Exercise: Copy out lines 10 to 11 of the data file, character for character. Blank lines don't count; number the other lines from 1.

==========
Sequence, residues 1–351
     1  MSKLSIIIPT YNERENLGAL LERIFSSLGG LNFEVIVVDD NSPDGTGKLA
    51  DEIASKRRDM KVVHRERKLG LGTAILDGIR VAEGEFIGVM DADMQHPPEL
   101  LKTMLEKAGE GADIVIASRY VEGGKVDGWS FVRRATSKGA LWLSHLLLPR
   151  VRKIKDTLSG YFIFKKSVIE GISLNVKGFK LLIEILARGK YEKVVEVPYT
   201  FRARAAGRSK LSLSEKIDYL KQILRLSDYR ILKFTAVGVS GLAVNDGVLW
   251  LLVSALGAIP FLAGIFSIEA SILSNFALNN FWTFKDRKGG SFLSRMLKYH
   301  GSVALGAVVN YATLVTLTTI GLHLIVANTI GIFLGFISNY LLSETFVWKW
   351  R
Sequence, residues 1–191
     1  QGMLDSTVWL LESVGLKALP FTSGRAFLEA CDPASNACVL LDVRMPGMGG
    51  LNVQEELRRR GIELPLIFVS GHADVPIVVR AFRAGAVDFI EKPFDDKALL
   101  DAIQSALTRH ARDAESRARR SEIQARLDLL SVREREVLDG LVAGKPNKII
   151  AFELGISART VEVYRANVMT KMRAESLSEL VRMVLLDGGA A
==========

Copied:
Sequence, residues 1–191
     1  QGMLDSTVWL LESVGLKALP FTSGRAFLEA CDPASNACVL LDVRMPGMGG